to Winter Haven in the amounts gener-
ated. As a result, Craig recommended a
fee structure similar to what Polk County
municipalities are paying, with discounts
ranging off the tipping fees from 1.25
percent to 20 percent.
"The estimated amount is to be 35
tons per year," said Craig. "Based on the
amount, a 10 percent discount on tipping
fee, resulting in a tipping fee of $34.15.
Estimated gross revenue is $1,195,250."
Craig broke down the figures further.
Accepting Plant City's solid waste will
result in a 6.7 percent increase in tonnage
to Polk County landfills per day. It will
consume 20.9 days of air space per year.
"However, these numbers do not take
into account landfills are, for want of a
better term, a'dynamic organism' and
there is a significant amount of settling
and decomposition, that occurs during
the course of the landfilling process," said
Craig. "So the impact I've just given you
will be somewhat less."
Questions by the BOCC to Craig-'and
later to Plant City Mayor Michael S.
Sparkman were few and just to clarify
minor points. The first of those questions


was posed by BOCC chairman Sam
Johnson, who asked if his understanding,
that there was a five year set price, was
correct. Craig's initial response was 10
years.
"The price is for five years, the contract,
10," replied Johnson. "If I'm right, there's
a five-year rate cycle? And it increases by
the CPI?"
"It will be based on the tonnage,"
answered Craig, who added there is an
escalator clause in the contract.
Commissioner Edwin V Smith stated he
had questions he believed could best be
answered by Sparkman.
As he approached the podium,
Sparkman said entering into the interlocal
agreement was a great opportunity for
Plant City, similar to interlocal agreements
it has with other governmental entities.
"It will be an asset to Plant City," said
Sparkman. "We will be able to retain our
charges for our services to our citizens
(which) will not have to be increased."
With transportation and tipping fees,
Plant City will be able to pay the same
price it currently does.
Smith questioned what vehicles Plant
City will use to deliver the trash. Sparkman
said it will primarily be 10-wheel trucks.
While it has smaller trucks, those will be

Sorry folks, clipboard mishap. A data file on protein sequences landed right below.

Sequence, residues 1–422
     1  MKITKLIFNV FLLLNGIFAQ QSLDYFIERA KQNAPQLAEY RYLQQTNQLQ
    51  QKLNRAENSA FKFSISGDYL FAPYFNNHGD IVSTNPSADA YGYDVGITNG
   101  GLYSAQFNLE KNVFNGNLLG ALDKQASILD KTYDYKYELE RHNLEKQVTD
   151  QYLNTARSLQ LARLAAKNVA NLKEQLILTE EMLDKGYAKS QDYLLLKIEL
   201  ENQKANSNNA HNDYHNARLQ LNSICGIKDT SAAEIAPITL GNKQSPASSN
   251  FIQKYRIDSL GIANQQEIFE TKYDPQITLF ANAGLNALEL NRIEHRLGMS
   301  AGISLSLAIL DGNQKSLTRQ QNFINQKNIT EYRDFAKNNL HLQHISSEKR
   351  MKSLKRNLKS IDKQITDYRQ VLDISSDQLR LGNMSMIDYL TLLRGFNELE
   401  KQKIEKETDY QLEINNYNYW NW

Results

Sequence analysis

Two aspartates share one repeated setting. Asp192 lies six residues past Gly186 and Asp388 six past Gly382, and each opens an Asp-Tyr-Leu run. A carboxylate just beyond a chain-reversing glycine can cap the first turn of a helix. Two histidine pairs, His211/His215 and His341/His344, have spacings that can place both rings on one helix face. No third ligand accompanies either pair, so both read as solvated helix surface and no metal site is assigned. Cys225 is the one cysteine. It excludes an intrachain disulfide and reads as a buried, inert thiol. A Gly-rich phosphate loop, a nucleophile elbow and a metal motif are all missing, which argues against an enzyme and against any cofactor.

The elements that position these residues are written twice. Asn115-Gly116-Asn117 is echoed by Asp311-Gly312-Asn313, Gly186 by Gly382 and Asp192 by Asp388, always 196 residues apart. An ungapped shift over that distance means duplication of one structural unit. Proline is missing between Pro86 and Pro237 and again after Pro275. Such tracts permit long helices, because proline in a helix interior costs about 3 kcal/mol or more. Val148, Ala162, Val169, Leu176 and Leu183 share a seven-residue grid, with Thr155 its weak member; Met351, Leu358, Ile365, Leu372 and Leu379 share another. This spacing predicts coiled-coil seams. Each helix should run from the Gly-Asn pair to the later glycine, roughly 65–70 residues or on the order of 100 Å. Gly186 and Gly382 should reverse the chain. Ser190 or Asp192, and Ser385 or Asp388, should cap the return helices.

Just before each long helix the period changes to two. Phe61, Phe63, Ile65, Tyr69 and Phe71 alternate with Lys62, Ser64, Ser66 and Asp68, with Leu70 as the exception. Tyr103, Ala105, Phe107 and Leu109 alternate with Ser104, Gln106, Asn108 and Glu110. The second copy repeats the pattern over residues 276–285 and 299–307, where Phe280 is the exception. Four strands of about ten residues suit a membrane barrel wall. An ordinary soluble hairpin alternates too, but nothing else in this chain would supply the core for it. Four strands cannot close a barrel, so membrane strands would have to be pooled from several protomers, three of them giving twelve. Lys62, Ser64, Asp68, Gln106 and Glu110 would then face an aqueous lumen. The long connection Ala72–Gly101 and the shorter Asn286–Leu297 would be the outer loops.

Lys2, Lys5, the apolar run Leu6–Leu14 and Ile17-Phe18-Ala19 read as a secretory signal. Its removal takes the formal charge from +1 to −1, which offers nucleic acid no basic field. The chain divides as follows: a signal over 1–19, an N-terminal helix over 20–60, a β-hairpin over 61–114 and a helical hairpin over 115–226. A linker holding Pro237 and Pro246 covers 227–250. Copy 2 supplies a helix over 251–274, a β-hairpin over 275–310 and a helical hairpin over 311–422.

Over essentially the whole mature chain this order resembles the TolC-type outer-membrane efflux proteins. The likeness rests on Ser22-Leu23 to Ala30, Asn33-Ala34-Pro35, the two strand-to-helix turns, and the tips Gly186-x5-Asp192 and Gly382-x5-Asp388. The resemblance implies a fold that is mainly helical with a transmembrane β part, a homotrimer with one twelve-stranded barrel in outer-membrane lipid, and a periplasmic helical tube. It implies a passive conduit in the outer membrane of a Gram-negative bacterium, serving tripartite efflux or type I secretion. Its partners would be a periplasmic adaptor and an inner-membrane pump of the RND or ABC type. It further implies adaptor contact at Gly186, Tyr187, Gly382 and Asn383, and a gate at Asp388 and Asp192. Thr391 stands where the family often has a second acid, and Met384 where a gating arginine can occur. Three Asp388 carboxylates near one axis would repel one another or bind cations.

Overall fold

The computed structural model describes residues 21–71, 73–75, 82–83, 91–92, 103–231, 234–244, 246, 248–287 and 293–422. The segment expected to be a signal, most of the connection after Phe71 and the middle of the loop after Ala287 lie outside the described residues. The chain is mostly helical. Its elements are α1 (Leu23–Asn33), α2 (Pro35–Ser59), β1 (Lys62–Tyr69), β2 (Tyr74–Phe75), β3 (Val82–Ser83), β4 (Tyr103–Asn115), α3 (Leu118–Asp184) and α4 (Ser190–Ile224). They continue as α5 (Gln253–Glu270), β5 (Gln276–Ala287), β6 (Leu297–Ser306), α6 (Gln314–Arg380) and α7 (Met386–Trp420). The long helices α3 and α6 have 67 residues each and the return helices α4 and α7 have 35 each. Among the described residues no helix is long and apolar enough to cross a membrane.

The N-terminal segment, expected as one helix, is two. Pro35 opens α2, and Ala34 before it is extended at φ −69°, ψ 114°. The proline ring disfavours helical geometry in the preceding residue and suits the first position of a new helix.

brought to a facility and loaded onto the
10-wheel trucks. No 18-wheel trucks will
be used. Sparkman also said the trucks
will travel Interstate 4 to the landfill.
Smith asked what would be the current
fee if Plant City continued using its current
contractor. Sparkman could not provide
a quantitative answer. However, after put-
ting out a request for bid, had it entered
into a new contract with the current
hauler, the cost would be substantially
more. That hauler's bid also included an
escalator clause.
"How many trucks per day do you
estimate?" asked Commissioner Bob
English.
"Probably 10 per day," replied
Sparkman.
The last question before a call for a mo-
tion, second and vote came from Johnson,
who said it was a follow-up to his first
question to Craig.
"The five-year rate structure, is that
something common with all the cities we
do, that we have contracts with?" He was
assured it was.


Ross honored for


senior service


U.S. Rep. Dennis Ross, R-Lakeland, was honored by RetireSafe for his efforts to protect the
health benefits and security of Florida's seniors and was one of many in Congress recognized.
The officials protect seniors' health care benefits, by ensuring access to affordable medica-
tions through Medicare Part D. From left: Rep. Dennis Ross; Thair Phillips, president and CEO
of RetireSafe; Katie Parkinson, Director of Program Management for West Central Florida
Area Agency on Aging, Inc.; Alice O'Reilly, president of VISTE Volunteers in Service to the
Elderly.




School seeks charter app


By PEGGY KEHOE
PKEHOE@POLKCOUNTYDEMOCRAT.COM
Saying it was the only way to protect the
school, members of the parents association
and the principal of Harrison School for the
Visual and Performing Arts presented an
application for charter school status to the
Polk County School Board last week.
The move stirred up what had been a
rather routine presentation of seven charter
school applications at Aug. 21 work session.
Some board members expressed disap-
pointment that the controversy between
Harrison and Lakeland High School hasn't
been settled and that Harrison supporters
felt it necessary to ask for charter status.
Plans for Harrison began in 1985 and the
county-wide school opened in the fall of
1989 next door to Lakeland High School.
At that time Harrison had its own state
number, called an MSID (master school
identification), issued by the FDOE. About
six years ago, the state took away Harrison's
number, putting it under Lakeland's MSID.